A democratic society must make space for the humanities, says philosopher

Historically, the humanities have been central to education because they have rightly been seen as essential for creating competent democratic citizens, says philosopher Martha Nussbaum. But recently, she argues, thinking about the aims of education has gone disturbingly awry both in the United States and abroad.

“Anxiously focused on national economic growth, we increasingly treat education as though its primary goal were to teach students to be economically productive rather than to think critically and become knowledgeable and empathetic citizens,” says Dr. Nussbaum. She is Ernst Freund Distinguished Service Professor of Law and Ethics at the University of Chicago, a chair which includes appointments in the philosophy department, law school, and divinity school.

She argues that society must resist efforts to reduce education to a tool of the gross national product in her manifesto, Not for Profit: Why Democracy Needs the Humanities, published in 2011 by Princeton University Press.

“This short-sighted focus on profitable skills has eroded our ability to criticize authority, reduced our sympathy with the marginalized and different, and damaged our competence to deal with complex global problems,” Nussbaum says. “And the loss of these basic capacities jeopardizes the health of democracies and the hope of a decent world.”

She will draw on stories of troubling--and hopeful--educational developments from around the world in a free public lecture to kick off the 2011/12 Humanities Research Group Distinguished Speakers Series on Tuesday, September 20.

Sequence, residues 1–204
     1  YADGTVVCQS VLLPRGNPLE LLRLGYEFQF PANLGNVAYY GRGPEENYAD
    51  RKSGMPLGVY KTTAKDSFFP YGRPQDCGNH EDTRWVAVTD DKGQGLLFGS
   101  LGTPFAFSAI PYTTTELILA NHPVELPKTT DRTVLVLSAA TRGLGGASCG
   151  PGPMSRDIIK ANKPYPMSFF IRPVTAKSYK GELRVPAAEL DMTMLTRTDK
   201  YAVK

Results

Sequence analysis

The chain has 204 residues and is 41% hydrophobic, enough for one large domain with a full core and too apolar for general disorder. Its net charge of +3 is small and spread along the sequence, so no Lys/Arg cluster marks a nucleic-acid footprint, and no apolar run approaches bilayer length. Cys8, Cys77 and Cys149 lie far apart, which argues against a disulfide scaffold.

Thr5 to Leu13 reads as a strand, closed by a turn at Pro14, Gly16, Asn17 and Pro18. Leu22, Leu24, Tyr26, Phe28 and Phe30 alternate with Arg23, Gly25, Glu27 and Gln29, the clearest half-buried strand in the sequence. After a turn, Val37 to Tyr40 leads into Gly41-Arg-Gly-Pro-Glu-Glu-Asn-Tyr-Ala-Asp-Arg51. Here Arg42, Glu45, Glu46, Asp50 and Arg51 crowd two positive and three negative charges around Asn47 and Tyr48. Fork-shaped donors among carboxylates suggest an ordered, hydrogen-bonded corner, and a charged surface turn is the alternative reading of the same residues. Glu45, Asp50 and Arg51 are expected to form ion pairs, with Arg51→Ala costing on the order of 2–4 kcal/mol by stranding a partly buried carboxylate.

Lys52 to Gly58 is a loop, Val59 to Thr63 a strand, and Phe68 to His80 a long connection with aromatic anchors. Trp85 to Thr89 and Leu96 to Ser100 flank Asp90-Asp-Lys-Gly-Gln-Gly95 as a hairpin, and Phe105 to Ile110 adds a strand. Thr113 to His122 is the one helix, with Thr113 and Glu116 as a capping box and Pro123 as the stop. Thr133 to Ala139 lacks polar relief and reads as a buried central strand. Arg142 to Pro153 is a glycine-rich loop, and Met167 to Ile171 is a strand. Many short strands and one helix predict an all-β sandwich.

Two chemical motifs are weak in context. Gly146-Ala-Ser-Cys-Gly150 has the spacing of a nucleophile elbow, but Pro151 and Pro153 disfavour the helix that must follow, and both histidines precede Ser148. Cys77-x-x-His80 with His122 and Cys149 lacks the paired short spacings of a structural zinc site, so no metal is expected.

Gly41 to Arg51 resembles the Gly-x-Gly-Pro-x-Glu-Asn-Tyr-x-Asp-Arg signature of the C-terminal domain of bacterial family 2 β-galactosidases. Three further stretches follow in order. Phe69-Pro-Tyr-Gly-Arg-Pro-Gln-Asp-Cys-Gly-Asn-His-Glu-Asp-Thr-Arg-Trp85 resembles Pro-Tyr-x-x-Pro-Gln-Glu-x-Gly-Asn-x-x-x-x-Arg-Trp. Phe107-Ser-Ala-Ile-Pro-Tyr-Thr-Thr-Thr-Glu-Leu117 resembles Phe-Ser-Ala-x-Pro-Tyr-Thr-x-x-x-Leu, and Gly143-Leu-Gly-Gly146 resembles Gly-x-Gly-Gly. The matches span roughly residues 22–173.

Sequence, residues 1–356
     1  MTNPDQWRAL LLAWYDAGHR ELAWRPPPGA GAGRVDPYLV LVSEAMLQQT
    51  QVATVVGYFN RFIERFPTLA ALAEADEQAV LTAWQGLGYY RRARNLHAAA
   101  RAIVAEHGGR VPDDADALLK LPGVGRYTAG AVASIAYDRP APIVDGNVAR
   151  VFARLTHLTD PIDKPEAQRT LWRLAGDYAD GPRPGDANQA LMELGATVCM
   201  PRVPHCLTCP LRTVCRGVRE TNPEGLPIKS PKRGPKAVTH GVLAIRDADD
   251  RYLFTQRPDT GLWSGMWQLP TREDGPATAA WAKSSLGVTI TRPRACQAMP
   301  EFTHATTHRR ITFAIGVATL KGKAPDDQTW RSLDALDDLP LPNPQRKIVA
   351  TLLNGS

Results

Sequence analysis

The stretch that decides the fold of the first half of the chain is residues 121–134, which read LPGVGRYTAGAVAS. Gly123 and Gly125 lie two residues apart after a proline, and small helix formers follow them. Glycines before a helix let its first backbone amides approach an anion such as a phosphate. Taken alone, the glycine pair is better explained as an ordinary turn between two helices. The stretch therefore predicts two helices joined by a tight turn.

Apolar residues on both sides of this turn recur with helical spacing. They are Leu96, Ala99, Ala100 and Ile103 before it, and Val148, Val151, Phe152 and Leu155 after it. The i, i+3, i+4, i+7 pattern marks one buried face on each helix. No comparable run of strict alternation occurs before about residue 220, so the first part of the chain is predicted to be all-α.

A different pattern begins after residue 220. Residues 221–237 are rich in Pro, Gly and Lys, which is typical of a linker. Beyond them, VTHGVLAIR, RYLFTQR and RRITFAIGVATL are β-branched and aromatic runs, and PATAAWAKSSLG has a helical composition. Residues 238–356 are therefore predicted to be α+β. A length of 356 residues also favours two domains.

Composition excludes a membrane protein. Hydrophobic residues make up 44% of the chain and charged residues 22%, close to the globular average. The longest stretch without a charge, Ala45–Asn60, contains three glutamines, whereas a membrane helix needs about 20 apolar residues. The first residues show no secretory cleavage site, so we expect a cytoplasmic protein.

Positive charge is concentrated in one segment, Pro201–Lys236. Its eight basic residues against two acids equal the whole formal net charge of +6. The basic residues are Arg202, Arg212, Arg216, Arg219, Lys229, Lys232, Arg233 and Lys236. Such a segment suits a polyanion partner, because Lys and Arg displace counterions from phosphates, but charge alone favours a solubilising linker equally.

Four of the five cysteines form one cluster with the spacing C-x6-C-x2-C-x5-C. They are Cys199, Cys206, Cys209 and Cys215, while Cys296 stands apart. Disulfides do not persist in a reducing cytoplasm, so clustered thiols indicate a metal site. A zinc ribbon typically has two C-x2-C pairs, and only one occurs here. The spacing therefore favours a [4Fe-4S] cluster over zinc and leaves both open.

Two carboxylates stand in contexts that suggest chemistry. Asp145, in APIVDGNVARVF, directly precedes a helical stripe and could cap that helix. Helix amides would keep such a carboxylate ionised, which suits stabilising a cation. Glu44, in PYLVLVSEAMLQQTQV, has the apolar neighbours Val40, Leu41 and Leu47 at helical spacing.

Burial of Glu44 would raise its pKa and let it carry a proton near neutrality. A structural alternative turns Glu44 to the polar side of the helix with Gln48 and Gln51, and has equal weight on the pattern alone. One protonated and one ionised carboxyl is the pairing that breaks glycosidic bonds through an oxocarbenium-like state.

“We are very excited to have attracted a public intellectual of Dr. Nussbaum’s standing to Windsor,” says the group’s director, Antonio Rossini. “She makes a passionate case for the importance of the liberal arts at all levels of education.”

Dr. Rossini praises Nussbaum’s ability to make her disciplines relevant to public discourse.

“She is excellent at explaining the value of philosophy and ethics to issues of current concern,” he says. “This is the key to her success as an educator who has cultivated a wide audience.”

The Distinguished Speakers Series will bring a number of important thinkers to campus, beginning with Nussbaum’s lecture, “Not for Profit: Why Democracy Needs the Humanities,” on Tuesday, September 20. Like all the lectures in this series, it is free and open to the public and will begin at 7 p.m. in Assumption University’s Freed Orman Conference Centre.

Others in the series include:

  • Jason Brown, Dalhousie University, “A Hard Day’s Math: The Connections Between Mathematics and Music,” November 10, 2011
  • Domenico Pietropaolo, University of Toronto, “Performance text and the Impromptu tradition,” February 9, 2012
  • Tracy Davis, Northwestern University, “How Historical is Spectatorship?: Knowledge, Expertise, Insight, and Taste among Racialized and Gendered Audiences in Mid-Victorian Britain,” March 15, 2012
  • Fr. James K. McConica, C.S.B., Pontifical Institute for Mediaeval Studies, “What are Universities for?” March 22, 2012

Learn more on the Humanities Research Group’s Web site, www.uwindsor.ca/hrg.